Today I headed out to Santa Clara Billiards (SCB) for a couple hours to work on a Deep Practice session. The SCB is only two miles from my home, so it’s a convenient location to get away for short practice sessions on the weekends. They have 30 nine foot tables, four of which are shimmed up for tournament play. One table is nuts: Table 2. It’s triple shimmed, so the pockets are very tight. Guess which one I’m going to practice on?
As I stated in my post yesterday, there were two off the rail shots that I wanted to work on during my deep practice session: a shot off the rail to the center pocket and a shot off the rail to the corner pocket. These types of shots are problematic because it’s hard to form a proper bridge, and it’s much more likely that you will miscue since most of the cue ball is unavailable due to its close proximity to the rail. To warm up for my practice session, I got into my shooting stance with the cue ball at the head spot, and practiced hitting the cue ball to the end rail, and having the ball return back to the tip of my cue. I did this several times, getting a feel for the ball and becoming more aware of my stance and the mechanics involved. After I felt confident that I was ready, I set up the two shots that I wanted to work on.
I shot these shots for about 30 minutes, taking my time between shots to think about my approach to the table, looking down the shot line, getting into my shooting stance, setting up a solid open bridge on the rail, softly stroking with a level cue, controlling my eye movement, and then pulling the trigger, feeling the cue tip contact and push the cue ball. I didn’t count the actual number of shots that I made, but it was probably 50 or 60 shots. I didn’t miss any balls, but more importantly, I didn’t miscue at all. Most of my focus was on the “pre-shot” routine. Pulling the trigger and making the shot was only a very small portion of the effort. I am now much more confident that if these shots come up again in a match, I will recognize them as “friends” and will have no trouble making them.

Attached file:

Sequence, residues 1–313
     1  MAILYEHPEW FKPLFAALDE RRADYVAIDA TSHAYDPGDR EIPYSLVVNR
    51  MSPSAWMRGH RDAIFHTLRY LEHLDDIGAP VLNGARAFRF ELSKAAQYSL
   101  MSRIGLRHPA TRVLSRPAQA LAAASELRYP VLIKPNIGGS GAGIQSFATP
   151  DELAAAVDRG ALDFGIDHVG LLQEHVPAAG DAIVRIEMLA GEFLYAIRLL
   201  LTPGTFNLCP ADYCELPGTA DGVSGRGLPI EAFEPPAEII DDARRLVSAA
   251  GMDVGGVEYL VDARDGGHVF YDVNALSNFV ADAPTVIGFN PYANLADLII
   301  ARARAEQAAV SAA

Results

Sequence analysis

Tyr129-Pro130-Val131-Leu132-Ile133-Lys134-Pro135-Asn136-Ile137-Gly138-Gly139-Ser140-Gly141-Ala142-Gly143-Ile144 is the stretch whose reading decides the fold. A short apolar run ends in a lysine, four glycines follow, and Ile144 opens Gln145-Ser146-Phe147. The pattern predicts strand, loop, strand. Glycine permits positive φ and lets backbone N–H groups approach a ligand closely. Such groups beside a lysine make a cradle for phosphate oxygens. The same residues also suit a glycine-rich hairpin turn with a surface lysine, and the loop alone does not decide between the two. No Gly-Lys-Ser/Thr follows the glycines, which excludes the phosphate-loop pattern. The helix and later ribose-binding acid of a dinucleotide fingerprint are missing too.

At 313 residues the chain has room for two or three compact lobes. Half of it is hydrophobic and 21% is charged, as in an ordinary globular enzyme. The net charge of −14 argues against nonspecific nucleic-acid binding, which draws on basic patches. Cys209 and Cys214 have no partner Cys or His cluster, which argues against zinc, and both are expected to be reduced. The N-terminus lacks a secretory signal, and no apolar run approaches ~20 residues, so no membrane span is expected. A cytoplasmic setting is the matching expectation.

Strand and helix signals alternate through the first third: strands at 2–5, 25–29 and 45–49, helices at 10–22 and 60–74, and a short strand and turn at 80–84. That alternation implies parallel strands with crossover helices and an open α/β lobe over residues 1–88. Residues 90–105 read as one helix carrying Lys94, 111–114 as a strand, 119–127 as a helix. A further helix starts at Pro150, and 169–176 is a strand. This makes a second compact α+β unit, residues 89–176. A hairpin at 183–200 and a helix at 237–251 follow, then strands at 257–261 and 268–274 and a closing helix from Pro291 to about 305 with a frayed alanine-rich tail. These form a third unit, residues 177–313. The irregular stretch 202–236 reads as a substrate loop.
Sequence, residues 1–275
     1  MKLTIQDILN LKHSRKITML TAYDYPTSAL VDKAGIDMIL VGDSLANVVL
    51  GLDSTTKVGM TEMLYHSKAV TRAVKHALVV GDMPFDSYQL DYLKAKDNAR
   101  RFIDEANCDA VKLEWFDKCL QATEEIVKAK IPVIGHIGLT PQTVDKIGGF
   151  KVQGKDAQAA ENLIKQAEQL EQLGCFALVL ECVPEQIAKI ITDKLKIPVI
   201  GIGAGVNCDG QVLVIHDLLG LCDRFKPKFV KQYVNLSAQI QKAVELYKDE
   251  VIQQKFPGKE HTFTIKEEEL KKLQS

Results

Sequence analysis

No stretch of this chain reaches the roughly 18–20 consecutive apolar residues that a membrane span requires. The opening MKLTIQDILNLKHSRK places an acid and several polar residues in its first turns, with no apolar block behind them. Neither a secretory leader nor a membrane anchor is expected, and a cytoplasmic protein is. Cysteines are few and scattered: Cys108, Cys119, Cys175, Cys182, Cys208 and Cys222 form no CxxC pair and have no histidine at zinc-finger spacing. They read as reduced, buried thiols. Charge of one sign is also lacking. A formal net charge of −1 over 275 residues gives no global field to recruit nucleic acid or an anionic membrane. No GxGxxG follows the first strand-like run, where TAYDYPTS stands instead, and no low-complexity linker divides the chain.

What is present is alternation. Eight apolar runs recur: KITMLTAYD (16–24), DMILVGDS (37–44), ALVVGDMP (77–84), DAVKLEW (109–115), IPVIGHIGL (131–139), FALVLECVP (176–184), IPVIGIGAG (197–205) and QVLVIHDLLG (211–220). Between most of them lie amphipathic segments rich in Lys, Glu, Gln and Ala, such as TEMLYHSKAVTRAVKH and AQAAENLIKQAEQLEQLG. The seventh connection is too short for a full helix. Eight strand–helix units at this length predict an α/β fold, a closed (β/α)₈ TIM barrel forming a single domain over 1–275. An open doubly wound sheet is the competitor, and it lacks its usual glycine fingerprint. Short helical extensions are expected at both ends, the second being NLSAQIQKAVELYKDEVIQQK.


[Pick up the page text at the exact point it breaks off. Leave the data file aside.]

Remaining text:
After the deep practice session, just for fun, I set up a similar shot using the entire length of the table. I placed the cue ball just off the bottom rail, and attempted to make the object ball in the far corner pocket. Remember, this is a triple shimmed table…very difficult to make long close to the rail shots. I applied the same level of concentration as I had on the other two shots, and was able to make three out of five. It would have been four out of five, but my second shot ran out of gas right in front of the pocket. Overall, I’d say this session was a great success. Not because I made such a high percentage of balls, but because I was able to maintain a very high level of focus and discipline. In the next few weeks, as I match up with other players or as I work in my solo practice sessions, if I find other shots that cause me problems, I’ll single them out and work on them in deep practice sessions.